How To Cycle Your Weight Training Workouts
Well, it’s Monday, so it must be chest and triceps. It’s a good workout and it always gets us back into the swing of things after a hard weekend. We always do Legs in the middle of the week, so they are fresh for next weekend and we always manage to do either back or arms on Fridays. We’ll fit the rest in when it’s convenient on the other days – “I only train most body parts once every 7 – 9 days, other wise I’ll over-train”. “Ah, it must be time for my next meal” Sounds Familiar?
Oh dear, oh dear. Remember what I said about sheep? Well, sheep always end up getting slaughtered! So it’s time to become a shepherd and lead rather than be led. Take a long hard look at your current training programme and then decide to sit down and write an alternative – something which will be fresh, and most importantly for you, result producing. Next, get used to the idea of changing your training routine on a regular basis of every eight to twelve weeks This will allow your body to successfully undergo something called adaptation to overload.
Stay with the same routine for any longer, and your body will “learn” how to recognise what is coming on the next training day’s agenda. “I can’t keep changing my routine like that” I hear you saying, because after a few times I will have run out of options. Bull… With over 100 good basic weight training exercises to pick from and loads of different programme options, the permutations are endless. “What the hell is this son of a bitch on about” I hear you all shouting. Bodybuilders are always going on about how important it is to get the blood into the muscle, right? The blood gets into the muscle tissues via something called Capillaries (they are small tubes at the end of our arteries) and you can only do that through Pyramiding the weights, right? Wrong! Before an individual trains aerobically, they will have on average around 585 capillaries (small blood tubes) per square millimetre of muscle. But after regular aerobic exercise that number will increase dramatically to approximately 820 capillaries per square millimetre! Is the penny beginning to drop? So, with a few weeks a year of increased aerobic training under your belt, you will have more capillaries to pump the blood into the muscles for your weight-training, which means more nutrients going in, and even better, getting more of the waste products like lactic acid out faster!
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If you really want to reach your maximum potential in any sport, which includes vocations such as body building, don’t just change your training routines every eight to twelve weeks. You must also plan out your training year – (it’s called a Macrocycle) into various cycles, which emphasise different training intensities.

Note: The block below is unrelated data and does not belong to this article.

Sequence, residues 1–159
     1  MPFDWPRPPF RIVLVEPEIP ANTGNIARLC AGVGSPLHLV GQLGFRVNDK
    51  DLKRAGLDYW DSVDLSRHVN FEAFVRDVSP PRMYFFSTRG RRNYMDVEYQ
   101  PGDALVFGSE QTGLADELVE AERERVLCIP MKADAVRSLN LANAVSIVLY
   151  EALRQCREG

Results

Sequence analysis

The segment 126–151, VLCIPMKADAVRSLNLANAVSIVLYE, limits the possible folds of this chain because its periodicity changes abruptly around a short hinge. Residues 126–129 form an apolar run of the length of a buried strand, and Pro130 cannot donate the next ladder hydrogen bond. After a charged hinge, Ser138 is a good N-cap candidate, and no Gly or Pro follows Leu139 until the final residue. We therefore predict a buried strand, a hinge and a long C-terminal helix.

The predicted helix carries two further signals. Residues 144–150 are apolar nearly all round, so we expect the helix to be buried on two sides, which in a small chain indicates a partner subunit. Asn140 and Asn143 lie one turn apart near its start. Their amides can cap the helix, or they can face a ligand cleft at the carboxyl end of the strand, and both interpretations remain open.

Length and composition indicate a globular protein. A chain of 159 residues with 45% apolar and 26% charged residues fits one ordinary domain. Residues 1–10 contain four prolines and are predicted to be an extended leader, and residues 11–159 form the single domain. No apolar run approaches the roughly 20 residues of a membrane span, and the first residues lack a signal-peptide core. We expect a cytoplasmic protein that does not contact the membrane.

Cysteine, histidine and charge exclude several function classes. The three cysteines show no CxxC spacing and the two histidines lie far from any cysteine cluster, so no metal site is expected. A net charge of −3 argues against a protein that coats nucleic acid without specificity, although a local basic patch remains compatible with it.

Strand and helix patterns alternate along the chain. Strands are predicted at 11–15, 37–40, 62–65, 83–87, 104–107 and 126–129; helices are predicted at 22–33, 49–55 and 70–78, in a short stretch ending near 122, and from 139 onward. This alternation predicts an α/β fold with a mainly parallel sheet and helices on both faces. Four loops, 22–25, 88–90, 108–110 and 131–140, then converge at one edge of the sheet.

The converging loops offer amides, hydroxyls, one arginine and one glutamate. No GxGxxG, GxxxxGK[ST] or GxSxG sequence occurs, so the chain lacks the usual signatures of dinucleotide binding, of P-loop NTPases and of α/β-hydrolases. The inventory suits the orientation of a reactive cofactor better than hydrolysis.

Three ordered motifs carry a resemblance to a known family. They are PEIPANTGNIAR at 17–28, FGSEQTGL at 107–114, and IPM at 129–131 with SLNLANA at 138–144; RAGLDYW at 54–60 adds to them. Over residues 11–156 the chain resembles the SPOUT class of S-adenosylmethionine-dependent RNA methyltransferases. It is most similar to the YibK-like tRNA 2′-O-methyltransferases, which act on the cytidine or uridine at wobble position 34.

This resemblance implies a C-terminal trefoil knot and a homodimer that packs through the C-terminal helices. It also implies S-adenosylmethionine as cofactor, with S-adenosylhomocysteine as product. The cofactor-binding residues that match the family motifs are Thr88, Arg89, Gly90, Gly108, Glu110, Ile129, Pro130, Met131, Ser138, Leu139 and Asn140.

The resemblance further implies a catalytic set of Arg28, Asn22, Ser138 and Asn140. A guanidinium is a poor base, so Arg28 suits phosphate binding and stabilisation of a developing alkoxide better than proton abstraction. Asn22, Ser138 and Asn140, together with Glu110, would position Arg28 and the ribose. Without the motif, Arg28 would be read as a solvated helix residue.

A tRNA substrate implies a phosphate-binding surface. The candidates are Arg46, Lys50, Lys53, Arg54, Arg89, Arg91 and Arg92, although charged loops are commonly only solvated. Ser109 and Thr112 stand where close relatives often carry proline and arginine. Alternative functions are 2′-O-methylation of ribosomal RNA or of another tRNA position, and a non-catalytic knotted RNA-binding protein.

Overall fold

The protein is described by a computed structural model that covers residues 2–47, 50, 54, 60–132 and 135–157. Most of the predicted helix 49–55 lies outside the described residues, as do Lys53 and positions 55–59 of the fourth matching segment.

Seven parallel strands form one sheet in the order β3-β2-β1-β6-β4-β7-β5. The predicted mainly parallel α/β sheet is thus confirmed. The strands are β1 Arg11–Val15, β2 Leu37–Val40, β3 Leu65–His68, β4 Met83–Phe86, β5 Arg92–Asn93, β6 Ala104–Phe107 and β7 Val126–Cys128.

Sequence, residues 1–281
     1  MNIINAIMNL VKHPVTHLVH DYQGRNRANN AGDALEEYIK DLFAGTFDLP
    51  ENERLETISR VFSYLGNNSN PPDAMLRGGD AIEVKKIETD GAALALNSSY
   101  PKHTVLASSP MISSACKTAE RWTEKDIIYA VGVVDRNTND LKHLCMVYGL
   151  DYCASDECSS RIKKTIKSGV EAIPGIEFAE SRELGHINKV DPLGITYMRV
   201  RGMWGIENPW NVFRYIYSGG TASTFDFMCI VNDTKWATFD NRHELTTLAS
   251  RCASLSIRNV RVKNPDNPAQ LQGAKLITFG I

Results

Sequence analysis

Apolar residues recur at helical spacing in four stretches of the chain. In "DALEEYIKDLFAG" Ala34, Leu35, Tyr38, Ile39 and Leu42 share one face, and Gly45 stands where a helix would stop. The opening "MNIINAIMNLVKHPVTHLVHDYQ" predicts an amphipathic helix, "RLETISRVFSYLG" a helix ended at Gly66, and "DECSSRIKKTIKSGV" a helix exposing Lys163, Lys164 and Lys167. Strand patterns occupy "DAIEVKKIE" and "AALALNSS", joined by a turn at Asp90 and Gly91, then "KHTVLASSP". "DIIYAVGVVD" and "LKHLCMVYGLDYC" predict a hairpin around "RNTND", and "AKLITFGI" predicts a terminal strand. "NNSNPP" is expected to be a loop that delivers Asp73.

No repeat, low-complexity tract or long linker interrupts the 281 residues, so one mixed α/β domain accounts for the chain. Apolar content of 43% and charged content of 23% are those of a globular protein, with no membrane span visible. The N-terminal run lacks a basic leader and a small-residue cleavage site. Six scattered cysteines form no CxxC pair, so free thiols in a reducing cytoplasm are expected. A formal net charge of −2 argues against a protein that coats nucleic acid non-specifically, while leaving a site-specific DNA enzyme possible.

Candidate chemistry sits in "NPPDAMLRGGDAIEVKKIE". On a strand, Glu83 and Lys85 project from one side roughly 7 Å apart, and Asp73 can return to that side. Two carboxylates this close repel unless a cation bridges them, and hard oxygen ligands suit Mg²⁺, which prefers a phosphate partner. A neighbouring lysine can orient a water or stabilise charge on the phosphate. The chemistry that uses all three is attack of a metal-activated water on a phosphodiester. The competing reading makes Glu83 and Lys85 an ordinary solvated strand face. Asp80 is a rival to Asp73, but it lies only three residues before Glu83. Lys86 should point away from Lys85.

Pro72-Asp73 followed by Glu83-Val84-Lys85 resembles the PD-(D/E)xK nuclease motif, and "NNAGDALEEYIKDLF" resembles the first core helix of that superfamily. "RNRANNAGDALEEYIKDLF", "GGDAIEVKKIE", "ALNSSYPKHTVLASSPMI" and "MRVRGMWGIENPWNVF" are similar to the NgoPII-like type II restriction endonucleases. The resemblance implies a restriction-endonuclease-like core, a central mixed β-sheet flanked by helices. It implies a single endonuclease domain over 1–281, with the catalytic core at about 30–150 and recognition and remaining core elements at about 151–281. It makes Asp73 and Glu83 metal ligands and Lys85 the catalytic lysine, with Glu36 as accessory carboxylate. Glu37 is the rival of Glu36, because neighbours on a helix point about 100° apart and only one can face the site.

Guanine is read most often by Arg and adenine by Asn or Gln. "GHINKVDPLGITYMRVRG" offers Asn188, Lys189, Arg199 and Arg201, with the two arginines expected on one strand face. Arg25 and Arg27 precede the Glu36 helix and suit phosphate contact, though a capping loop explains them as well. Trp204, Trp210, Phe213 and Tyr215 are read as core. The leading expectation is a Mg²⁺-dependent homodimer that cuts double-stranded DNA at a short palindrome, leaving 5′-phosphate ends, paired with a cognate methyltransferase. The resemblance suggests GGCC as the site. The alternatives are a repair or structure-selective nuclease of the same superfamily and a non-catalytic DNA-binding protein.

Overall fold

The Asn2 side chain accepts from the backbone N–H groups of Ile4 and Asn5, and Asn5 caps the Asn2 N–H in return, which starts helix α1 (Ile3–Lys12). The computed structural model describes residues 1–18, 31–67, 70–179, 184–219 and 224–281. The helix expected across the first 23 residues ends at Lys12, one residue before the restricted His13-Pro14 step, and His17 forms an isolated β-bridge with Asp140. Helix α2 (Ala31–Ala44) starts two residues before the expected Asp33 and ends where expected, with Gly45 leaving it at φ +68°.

For instance, if you currently stay on a strength training or mass building routine for most of the year, you will have noticed how little new quality gains you are achieving, no matter what you do. This is because of your body’s in-built system to stop “un-naturally high” levels of physical achievement and burn-out. To overcome this problem, professional athletes who are “in-the-know” only train for two or three segments of each training year on their main goals. Whilst the rest of the year, at least of the same amount, is dedicated to supplementary results, such as increased recovery to enhance their sport. Imagine how much you could increase your training intensity, if you could recover from an all-out weight-training set taken to total failure, within thirty seconds! If you are realistic, at the moment it would probably take you more than a minute and a half, so with correct training, you could triple your training intensity without even increasing the weight or sets! Remember what intensity does? It gives results.
To become good at anything, it takes skill coupled to know-how, ie – knowledge. Make sure that you are armed and dangerous with knowledge that works. The more knowledge, the less chance of failure. So why bother sticking to the same routines year in – year out, with little or no chance of any improvement, when you can unleash your real potential. Maybe – just maybe, you could set about doubling your achievements on last year, by setting out a new training strategy for yourself possibly like the one shown below.
Now you can draw up the relevant exercises for each training segment, together with the appropriate sets and repetitions to give you some new focus. Rest periods should be taken each year, at least twice, to allow your body to recover from the demands that you are making on it. These periods are often referred to as Active Rests, which means that rather than doing nothing at all, and begin losing your training results, you undertake exercise which is not the same as you would usually do e.g. swimming, cycling, etc.
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